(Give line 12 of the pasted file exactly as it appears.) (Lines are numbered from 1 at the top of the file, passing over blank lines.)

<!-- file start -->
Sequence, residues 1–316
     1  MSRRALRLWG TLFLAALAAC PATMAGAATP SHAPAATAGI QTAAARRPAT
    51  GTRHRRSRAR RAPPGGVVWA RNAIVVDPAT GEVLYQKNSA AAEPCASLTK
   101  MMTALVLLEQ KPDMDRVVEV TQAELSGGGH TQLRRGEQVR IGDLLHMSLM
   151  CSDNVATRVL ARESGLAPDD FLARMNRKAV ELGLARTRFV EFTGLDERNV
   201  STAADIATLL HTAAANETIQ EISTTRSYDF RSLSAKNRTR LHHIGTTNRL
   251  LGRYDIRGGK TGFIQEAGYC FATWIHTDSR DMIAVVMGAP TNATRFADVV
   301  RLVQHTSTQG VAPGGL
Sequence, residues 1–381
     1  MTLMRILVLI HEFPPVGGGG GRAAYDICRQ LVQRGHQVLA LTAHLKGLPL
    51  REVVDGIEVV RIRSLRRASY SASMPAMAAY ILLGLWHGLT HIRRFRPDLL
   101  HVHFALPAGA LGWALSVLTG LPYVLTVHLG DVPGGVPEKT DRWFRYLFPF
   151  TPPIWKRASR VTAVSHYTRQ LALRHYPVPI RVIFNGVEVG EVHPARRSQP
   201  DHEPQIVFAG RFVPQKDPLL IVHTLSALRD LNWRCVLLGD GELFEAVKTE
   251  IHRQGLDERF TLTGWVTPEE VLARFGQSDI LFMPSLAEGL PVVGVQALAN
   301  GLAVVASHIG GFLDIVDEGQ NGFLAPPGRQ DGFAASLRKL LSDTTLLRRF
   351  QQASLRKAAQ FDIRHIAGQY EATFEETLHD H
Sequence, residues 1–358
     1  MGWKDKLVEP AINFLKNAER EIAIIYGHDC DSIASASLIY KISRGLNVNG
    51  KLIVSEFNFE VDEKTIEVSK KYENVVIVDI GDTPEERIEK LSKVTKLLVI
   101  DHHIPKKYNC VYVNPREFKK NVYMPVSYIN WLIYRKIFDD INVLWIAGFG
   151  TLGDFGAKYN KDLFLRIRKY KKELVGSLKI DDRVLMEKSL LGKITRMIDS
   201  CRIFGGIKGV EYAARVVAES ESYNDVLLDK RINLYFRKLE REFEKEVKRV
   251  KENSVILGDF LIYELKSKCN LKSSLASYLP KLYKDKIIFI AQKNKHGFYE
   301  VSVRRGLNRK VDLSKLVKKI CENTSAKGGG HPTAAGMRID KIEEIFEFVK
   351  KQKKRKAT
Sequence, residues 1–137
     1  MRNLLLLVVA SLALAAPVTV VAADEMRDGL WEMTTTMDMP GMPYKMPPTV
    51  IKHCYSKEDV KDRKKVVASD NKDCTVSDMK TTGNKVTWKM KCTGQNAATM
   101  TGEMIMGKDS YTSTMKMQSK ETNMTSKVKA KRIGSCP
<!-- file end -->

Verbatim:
   101  HVHFALPAGA LGWALSVLTG LPYVLTVHLG DVPGGVPEKT DRWFRYLFPF